Adding these nutrients to the diet seems to lower risks of heart attacks because omega-3 fatty acids, one of the EFAs, reduce the clotting tendency of the blood and improve cholesterol profiles. They also have a natural anti-inflammatory effect that makes them useful for people with arthritis and autoimmune disorders. In western diets, Omega-3s come primarily from salmon, herring, sardines, and other oily fish.

hemp oil

Oil from cold-pressed hemp seeds is a prime vegetable source for complete proteins. The oil contains all eight essential amino acids, is more easily digested, and tastes better than its vegetable-protein rival, soy. Hemp seeds are the only edible seeds to contain a very rare nutrient—gamma linoleic acid, or GLA, which is an active agent in lowering cholesterol.
Whole hemp seeds can be used for snacks, in cooking, even roasted and mixed in coffee. Processed hemp seeds can be used to make non-dairy milk, various styles of cheese and ice cream, or ground up and used in spreads similar to peanut butter. After the seeds have been crushed for their oil, they can be processed into protein powder, flour, and veggie burgers, or even used to brew beer.
Unrefined hemp oil can be taken daily as a dietary supplement or used in salad dressings and cooking in place of other vegetable oils. For maximum nutrition value, hemp oil should be stored in the refrigerator and used quickly.
hemp spread

Many people eat the seeds plain or add them to other foods, including baked goods, baked potatoes, or dried fruit and nut mixtures.
Because it's usually grown without pesticides, hemp protein is equal or superior to soy protein. Whole hemp seeds contain about 23 percent protein; hulled seeds contain around 30 to 31 percent. Hemp seeds are hulled to remove the outer fibrous shell, to make products such as hemp milk, cheese, and tofu.
The protein in hemp seeds also contains the highest amount (65 percent) of edestin protein among plant seeds. Edestin is a type of globular protein, classified by their globe-like shapes, that is easily digested and utilized by the the body. All enzymes and antibodies in the body are globular proteins, as are many of the proteins found in blood and hormones that carry out many of the important life functions in our bodies. Animal-feeding studies have found that edestin proteins are capable of serving as the sole source of protein in animal diets. Because of their high quality protein, hemp seeds were used like soy beans for premium cattle feed in the United States until they became unavailable in the 1950s. As more people get more of their protein from plants, it makes sense to look at the plant foods that provide the best nutrition for other herbivores.
Many of the diseases that afflict developed nations, including heart disease and cancer, have dramatically increased in the past century. Researchers now recognize that the increases in these diseases probably correspond to overall changes in our diets, especially to the consumption of processed fats and excess animal products. Many of our current health problems are thought to be related to fatty degeneration diseases, which come from eating too much bad fat and not enough good fat.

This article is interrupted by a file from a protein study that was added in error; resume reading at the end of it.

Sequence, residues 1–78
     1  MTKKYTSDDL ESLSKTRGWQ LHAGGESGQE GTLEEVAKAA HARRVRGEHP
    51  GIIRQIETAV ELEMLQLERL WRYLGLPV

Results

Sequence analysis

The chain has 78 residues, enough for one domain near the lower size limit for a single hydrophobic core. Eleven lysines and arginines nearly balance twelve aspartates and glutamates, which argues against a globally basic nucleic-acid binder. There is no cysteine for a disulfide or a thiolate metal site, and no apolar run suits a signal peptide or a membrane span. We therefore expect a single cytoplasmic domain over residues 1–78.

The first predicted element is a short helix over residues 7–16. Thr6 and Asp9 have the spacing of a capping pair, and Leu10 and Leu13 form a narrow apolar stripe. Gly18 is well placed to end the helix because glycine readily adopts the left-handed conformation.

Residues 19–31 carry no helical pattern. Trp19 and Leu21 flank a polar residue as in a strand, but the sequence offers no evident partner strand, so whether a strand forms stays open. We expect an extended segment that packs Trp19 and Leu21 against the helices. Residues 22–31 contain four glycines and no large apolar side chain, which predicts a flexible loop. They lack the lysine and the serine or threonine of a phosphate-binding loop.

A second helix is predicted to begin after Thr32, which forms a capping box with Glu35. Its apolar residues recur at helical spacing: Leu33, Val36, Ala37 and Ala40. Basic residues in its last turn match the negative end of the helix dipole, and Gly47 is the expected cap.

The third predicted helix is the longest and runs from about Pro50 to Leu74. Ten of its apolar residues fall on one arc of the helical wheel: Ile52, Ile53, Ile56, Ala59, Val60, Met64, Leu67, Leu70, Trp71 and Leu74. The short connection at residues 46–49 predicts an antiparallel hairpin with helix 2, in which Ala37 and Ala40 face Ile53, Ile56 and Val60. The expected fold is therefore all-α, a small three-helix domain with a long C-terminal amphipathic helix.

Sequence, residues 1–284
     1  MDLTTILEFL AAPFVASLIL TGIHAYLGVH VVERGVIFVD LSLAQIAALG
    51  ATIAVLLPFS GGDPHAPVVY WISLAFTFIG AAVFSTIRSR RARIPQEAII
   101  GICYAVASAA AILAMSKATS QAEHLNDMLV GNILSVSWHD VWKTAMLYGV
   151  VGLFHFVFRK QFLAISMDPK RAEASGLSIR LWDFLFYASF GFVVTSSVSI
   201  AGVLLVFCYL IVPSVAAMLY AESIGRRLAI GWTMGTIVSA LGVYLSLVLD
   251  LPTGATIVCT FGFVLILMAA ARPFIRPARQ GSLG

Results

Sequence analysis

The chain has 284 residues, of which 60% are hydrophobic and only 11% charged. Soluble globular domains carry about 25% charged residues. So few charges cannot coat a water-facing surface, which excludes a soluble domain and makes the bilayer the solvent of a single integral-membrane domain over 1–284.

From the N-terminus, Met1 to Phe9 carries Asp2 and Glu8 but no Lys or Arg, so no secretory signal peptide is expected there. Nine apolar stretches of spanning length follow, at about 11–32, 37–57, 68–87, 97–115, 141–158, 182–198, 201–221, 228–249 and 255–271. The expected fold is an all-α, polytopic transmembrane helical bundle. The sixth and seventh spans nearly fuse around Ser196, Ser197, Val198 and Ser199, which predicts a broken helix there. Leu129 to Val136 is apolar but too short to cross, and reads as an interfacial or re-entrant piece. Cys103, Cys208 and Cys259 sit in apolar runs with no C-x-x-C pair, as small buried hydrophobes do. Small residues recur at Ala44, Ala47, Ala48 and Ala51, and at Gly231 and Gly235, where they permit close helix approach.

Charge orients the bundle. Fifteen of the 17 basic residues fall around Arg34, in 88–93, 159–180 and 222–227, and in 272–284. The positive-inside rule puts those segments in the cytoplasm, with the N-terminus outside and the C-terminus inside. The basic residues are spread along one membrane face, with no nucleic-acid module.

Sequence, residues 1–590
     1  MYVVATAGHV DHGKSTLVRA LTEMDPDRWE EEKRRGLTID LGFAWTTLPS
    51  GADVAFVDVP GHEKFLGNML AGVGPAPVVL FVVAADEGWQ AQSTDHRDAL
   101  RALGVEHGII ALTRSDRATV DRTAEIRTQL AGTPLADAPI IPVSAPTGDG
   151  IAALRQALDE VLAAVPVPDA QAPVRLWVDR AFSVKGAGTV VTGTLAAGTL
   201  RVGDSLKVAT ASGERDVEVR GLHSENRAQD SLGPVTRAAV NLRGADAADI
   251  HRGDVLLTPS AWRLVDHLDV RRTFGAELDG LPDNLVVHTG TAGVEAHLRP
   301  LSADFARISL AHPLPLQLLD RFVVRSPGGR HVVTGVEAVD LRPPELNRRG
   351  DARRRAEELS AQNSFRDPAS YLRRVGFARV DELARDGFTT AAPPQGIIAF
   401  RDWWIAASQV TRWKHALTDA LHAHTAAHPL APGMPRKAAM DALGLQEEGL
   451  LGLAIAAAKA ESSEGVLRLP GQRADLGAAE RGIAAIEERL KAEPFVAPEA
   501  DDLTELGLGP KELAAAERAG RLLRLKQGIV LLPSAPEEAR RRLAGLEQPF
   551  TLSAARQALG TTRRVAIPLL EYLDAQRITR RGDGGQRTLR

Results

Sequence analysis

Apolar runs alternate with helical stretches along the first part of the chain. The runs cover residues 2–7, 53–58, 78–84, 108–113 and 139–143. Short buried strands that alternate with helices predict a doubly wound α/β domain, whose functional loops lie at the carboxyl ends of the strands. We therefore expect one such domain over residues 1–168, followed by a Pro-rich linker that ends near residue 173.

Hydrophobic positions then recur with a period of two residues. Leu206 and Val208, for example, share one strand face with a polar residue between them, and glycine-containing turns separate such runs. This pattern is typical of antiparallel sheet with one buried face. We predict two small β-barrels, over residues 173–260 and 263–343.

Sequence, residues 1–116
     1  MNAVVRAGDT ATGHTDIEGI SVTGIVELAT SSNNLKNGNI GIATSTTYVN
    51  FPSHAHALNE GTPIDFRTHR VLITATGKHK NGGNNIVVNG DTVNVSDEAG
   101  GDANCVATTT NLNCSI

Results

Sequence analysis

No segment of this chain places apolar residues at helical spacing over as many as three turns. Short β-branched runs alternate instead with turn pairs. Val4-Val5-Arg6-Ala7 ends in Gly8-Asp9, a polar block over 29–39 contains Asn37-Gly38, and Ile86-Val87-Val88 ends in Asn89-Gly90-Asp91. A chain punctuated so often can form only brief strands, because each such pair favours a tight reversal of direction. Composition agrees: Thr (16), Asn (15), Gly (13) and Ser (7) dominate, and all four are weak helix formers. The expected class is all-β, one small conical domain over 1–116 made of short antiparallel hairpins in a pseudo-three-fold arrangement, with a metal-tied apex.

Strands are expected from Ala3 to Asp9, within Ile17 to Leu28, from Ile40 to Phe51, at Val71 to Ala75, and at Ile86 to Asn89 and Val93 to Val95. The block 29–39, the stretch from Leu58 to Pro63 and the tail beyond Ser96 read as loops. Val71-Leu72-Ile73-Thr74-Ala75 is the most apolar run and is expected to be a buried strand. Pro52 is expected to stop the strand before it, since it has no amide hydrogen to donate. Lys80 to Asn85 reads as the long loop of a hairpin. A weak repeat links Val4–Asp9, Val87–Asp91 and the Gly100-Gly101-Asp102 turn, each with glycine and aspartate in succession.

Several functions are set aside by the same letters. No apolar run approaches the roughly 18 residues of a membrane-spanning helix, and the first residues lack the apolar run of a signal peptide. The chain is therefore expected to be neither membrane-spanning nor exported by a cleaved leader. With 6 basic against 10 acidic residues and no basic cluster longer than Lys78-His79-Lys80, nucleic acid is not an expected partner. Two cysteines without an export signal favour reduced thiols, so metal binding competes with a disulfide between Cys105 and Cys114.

For example, the proportion
of saturated fat(usually from animal products) we consume is often too high. Second, we eat to many refined and processed fats. These fats usually start of with good sources of plant oils, high in polyunsaturates; however, the processes used to make them more shelf-stable can convert them from nutrients to toxins.
Essential fatty acids are inherently unstable, and easily react to heat, light, and oxygen. These reactions can convert them from healthy molecules into unhealthy ones. In order to obtain oil that is nutritious, plant seeds should be processed with great care in the absence of heat, light and oxygen, then stored in opaque bottles at reduced temperatures. Unfortunately, the processing of most commercially available oils is the exact opposite.
Manufacturers are concerned with making fats an oils more stable, so they have a long shelf life and can be stored for up to a year without turning rancid. They often subject natural oils to severe processing with high heat and chemicals, with no care to exclude light or oxygen. These processes remove the unstable molecules, which, unfortunately, also contain the nutrients.
The worst case is partially hydrogenated oils, where almost all of the nutrients are removed by the formation of large amounts of unnatural molecules that can be extremely toxic to our bodies, including high amounts of trans-fatty acids. Trans fatty acids were once polyunsaturated fats which have been processed into saturated fats. Most margarines and shortenings are partially hydrogenated oils, and most contain high amounts of trans-fatty acids.
In 2003, the hemp food business got a boost when officials of the 30th annual American Music Awards handed out gift bags containing hemp-based foods and cosmetics to all the nominees, presenters, and performers.
These gift bags, each worth $30,000, were put together by Dick Clark Productions, which does the same thing for the Golden Globe ceremonies. Because of the U.S. Government ban on most hemp products, Dick Clark's people had to go to Canada to get hemp goodies. Along with things like scooters and tickets to rafting trips in Chile, each bag held Hempola Honey Dijon Dressing, Lip Balm, and High Protein Pancake Mix.

pp. 70-74 Hemp A Short History of the Most Misunderstood Plant and its Uses and Abuses by Mark Bourrie (2003)

hemp seeds, oil, milk, bread
Hemp birdseed
hemp oil
hemp food